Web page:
Old arguments against air-con interchanges apply to bus stops too

The announcement of the new "cool" bus stop on trial outside Plaza Singapura reminds me of when Singapore's first air-conditioned bus interchange opened in Toa Payoh in 2002 (An oasis of cool, clean air for bus commuters; March 13).

It triggered many letters to the Forum page arguing against the air-conditioning (Consider options other than air-con for interchange, by Mr Low Fatt Kin, May 30, 2002; and No need for air-con interchange, by Mr Johnny Lim Yeou Huah, June 1, 2002).

The concerns were largely over a probable increase in the cost of bus fares, wasting precious energy resources - which are finite and which Singapore does not have - and the over-dependency on air-conditioning, which could turn Singaporeans into "softies" unable to function outside a cool environment.

The Land Transport Authority then responded to say that the interchange was built as part of an integrated development, which maximises the use of our scarce land and minimises noise and air pollution from the buses, and also provides greater accessibility for commuters shopping or working in the vicinity (Air-con interchange part of larger complex, June 5, 2002).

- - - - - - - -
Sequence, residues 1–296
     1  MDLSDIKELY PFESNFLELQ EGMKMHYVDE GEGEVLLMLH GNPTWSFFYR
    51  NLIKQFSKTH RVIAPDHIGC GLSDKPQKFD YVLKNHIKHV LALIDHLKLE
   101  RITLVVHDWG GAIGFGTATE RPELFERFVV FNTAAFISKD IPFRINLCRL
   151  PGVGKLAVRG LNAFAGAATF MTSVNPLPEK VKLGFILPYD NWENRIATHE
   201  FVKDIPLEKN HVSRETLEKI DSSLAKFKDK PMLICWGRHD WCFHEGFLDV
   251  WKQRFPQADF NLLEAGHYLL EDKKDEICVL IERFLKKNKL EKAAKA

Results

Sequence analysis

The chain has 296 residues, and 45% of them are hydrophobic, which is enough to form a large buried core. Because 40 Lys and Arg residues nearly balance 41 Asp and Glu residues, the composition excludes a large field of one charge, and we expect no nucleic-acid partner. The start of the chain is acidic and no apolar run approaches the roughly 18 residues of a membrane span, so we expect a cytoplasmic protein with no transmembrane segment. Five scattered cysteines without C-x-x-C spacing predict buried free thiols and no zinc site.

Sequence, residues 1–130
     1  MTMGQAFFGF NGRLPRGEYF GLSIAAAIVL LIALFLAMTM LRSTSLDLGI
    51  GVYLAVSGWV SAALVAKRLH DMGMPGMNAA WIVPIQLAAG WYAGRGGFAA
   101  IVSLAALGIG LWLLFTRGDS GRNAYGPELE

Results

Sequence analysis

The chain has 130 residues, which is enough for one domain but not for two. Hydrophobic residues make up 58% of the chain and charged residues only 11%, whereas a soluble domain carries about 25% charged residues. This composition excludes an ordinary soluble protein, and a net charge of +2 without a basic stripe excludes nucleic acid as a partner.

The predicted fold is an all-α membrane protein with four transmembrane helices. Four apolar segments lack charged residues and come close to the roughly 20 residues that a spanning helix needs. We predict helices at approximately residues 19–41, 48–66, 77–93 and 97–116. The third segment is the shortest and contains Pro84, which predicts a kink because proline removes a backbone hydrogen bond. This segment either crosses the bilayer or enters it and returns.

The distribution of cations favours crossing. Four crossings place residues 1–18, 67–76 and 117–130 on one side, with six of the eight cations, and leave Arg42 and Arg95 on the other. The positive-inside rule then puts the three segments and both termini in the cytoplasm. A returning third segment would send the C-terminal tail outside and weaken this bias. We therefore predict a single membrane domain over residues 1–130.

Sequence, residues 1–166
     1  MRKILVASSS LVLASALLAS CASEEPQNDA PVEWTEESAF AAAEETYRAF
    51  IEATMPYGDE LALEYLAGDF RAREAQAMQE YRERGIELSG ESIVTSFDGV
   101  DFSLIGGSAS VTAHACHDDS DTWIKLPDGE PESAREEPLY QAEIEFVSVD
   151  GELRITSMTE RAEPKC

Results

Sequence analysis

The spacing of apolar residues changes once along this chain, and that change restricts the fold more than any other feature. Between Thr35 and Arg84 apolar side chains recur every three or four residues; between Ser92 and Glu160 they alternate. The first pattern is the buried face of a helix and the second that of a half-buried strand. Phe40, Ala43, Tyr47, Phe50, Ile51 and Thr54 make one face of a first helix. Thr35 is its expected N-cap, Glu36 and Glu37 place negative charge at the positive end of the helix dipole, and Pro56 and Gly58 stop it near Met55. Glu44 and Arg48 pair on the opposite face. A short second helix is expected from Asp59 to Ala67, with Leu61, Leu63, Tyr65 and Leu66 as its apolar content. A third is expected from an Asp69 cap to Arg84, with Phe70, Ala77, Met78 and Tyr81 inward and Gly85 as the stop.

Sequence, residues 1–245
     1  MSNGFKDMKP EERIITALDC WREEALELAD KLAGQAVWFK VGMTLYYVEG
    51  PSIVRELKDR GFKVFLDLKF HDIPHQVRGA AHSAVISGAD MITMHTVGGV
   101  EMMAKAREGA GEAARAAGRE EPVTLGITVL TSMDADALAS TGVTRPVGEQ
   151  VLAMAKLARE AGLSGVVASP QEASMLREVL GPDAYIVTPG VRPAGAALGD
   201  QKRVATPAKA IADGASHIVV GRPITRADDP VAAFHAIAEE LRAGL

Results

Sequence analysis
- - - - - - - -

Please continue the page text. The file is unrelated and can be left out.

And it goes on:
Sixteen years later, I must agree that integrated bus interchanges are practical and no one doubts the pleasure of waiting in cool comfort.

However, the new bus stop on trial is another matter.

It is not part of any building and not even enclosed, so the cool blasts of air are quickly dissipated into the hot, humid environment.

That is a waste of precious energy needed to run the cooling system.

All the arguments made in 2002 against air-conditioning bus interchanges are still relevant today to argue against the air-conditioning of bus stops.

We must constantly remember that Singapore does not have natural resources.

With the unstable political environment in the world, there is even more reason to use precious resources only for instances of "must-haves" and not for "nice-to-haves".

Agnes Sng Hwee Lee (Ms)

A version of this article appeared in the print edition of The Straits Times on March 15, 2018, with the headline 'Old arguments against air-con interchanges apply to bus stops too'. Print Edition | Subscribe